Ensure employees know of retirement plan rollover rules change
By Stephanie A. Smithey, Esq., Ogletree Deakins
Modifications to the rollover distribution rules for certain retirement plan participants with defaulted plan loans went into effect in January 2018. As a result of a provision in the Tax Cuts and Jobs Act, the rollover distribution rules are now more relaxed for rollovers of defaulted loans resulting from plan terminations or a participant’s failure to repay a loan upon severance from employment.
The changes impact several provisions in the “safe harbor” model tax notices for eligible rollover distributions that were published by the Internal Revenue Service in 2009 and updated in 2014.
When the IRS published the 2014 updated tax notices, it specified that the “safe harbor” notices would no longer satisfy the legal notice requirements “to the extent the explanations are no longer accurate because of a change in the relevant law occurring after December 8, 2014.”
The IRS has not yet updated the model tax notices to reflect the 2018 changes in the law, and we do not expect updated notices to be published soon.
Thus, employers may want to confirm with their plan administrators that the required tax notices are updated for use in 2018.
Changes to the rollover rules
Before this year, a retirement plan participant with a defaulted plan loan following the participant’s severance from employment or the termination of the plan was subject to an offset against his or her account balance.
The participant had 60 days to avoid paying taxes and penalties on the deemed distribution of the defaulted loan balance. To do so, the participant had to come up with funds equal to the defaulted loan balance, plus any tax withholding, and roll over those funds to an individual retirement account or other qualified plan.
Beginning Jan. 1, a participant has considerably more time to complete the rollover and avoid paying taxes and penalties. Participants now must complete the rollover by their tax return due date on the year following the year of the plan loan offset. That means the participant must complete the rollover by April 15 (or, if he or she filed an extension, Oct. 15) of the year after the year the defaulted loan was offset against the participant’s plan account.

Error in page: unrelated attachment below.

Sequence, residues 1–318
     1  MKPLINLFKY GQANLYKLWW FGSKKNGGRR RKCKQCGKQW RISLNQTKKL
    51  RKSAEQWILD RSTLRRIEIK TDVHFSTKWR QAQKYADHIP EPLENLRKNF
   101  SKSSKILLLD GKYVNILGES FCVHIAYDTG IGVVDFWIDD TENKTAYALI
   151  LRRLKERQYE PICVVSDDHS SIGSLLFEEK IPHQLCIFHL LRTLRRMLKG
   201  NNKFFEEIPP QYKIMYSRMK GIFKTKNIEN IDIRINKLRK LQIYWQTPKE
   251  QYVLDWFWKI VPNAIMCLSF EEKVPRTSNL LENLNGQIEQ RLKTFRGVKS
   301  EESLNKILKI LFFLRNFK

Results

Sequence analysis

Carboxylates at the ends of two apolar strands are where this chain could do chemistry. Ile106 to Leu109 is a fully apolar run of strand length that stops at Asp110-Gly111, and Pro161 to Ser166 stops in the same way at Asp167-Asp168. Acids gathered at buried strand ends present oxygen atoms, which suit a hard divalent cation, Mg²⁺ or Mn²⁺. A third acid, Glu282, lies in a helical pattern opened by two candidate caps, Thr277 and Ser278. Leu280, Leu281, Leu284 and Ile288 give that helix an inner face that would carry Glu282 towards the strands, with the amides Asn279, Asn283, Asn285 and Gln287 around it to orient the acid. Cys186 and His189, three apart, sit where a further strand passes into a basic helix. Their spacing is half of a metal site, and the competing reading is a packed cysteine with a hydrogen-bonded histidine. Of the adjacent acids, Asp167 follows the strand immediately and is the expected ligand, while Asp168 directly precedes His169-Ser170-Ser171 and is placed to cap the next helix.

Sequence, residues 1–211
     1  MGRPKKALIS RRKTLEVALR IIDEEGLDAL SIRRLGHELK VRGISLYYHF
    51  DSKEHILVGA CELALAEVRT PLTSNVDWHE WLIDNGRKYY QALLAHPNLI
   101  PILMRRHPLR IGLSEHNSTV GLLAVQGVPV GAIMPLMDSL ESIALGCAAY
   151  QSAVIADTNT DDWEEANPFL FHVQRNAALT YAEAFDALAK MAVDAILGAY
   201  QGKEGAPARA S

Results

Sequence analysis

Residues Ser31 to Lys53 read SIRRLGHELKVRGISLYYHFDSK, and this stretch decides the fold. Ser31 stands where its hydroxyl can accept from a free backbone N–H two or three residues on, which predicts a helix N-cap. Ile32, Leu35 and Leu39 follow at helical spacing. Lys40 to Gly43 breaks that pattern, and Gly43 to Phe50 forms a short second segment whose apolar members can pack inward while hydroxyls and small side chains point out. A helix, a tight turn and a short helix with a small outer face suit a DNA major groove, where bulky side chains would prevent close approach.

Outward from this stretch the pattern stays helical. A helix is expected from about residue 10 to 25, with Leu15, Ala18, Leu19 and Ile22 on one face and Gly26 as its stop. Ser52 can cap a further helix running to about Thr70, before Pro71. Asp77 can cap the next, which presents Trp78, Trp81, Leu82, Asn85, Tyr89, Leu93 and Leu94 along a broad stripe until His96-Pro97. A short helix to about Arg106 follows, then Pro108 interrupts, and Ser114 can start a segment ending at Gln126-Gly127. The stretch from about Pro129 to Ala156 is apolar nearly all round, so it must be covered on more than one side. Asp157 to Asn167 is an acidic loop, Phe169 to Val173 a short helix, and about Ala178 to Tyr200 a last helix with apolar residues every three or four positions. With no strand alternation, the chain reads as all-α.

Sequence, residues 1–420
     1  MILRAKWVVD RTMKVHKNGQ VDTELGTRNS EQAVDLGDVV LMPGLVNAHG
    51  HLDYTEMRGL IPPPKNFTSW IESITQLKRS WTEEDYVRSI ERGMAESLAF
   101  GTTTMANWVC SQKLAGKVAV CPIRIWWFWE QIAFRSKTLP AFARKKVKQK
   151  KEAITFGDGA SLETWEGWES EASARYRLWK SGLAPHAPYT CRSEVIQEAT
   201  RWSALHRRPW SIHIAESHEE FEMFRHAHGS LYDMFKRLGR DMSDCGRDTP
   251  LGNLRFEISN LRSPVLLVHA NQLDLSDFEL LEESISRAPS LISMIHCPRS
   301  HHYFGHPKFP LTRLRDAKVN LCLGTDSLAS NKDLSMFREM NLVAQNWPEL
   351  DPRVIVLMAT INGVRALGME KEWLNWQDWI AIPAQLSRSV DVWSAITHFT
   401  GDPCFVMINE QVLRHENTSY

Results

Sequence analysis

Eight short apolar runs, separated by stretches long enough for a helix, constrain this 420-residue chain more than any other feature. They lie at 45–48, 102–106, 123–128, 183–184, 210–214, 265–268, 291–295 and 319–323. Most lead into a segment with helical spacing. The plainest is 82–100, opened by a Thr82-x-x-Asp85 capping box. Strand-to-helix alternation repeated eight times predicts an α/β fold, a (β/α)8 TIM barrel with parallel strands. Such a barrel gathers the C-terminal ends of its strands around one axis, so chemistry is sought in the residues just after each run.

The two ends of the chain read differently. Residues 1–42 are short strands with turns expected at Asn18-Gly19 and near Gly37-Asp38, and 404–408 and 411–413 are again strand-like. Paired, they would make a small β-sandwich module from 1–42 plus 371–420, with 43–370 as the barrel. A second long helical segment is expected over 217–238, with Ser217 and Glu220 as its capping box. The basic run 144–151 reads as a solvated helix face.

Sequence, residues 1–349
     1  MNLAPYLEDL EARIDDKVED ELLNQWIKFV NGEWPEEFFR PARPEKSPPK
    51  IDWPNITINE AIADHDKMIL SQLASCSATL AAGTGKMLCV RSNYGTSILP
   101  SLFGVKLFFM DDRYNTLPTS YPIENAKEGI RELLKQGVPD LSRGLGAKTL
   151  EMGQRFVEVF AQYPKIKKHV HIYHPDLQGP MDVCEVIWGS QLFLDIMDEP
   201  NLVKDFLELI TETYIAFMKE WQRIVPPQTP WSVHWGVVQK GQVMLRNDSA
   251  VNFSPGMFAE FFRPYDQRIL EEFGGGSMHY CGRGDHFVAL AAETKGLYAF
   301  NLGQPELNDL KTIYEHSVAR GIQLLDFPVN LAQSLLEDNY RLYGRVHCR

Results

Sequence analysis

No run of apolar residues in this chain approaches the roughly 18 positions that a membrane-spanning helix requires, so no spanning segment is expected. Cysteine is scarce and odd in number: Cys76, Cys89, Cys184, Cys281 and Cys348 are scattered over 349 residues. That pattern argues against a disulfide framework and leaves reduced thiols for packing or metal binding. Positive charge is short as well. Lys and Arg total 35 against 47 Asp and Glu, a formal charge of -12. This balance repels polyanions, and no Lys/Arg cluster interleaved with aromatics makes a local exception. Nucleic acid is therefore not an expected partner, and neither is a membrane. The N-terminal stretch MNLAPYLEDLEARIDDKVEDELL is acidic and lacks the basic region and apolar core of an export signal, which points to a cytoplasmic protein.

Duty to update
Plan fiduciaries have a duty under the Employee Retirement Income Security Act to act solely in the interests of plan participants to protect their retirement benefits. As a result, it is the plan fiduciary’s duty to clearly, accurately and timely communicate the steps participants can take to avoid a loan offset and taxation.
The extension of the period for rolling over plan loan offsets means several references in the special tax notices to a 60-day rollover period are no longer accurate. If a plan administrator distributes the 2014 notice, a participant would likely not be aware that he or she has several months to repay the loan and complete the rollover. For example, a participant who terminates in October 2018 with an outstanding loan may not realize she has until October 15, 2019 to save enough money to equal the loan offset plus the 20% tax withholding and complete the rollover of her account, thus avoiding the income tax and a potential 10% early distribution penalty tax on the loan offset amount.
Remember, as timely issuance of required plan notices is a fiduciary function, plan administrators may have fiduciary liability under ERISA for failure to issue accurate tax notices to affected participants.
Simple but important updates to the notices may be needed to avoid potential liability caused by a participant’s reliance on inaccurate statements in the 2014 notices.
It is common for a third-party service provider administering a plan to provide the special tax notices to participants who receive a distribution from the plan. The plan sponsor may rarely see the tax notice if the distribution package is sent directly from the service provider to the participant who will be receiving the distribution.
Accurate communication and administration is a fiduciary function of the plan administrator. In many plans, the employer is the plan administrator and the fiduciary responsible for providing accurate plan disclosures. In other companies, individual officers or an established committee serves the plan administrator role and bears this responsibility.
The plan sponsor may want to confirm who is serving as the plan administrator and make sure the fiduciary contacts the plan service providers to update their loan program and the special tax notices for eligible rollover distributions to reflect the 2018 tax law changes.
Stephanie Smithey is an Ogletree Deakins shareholder specializing in qualified retirement plans and health and welfare plans.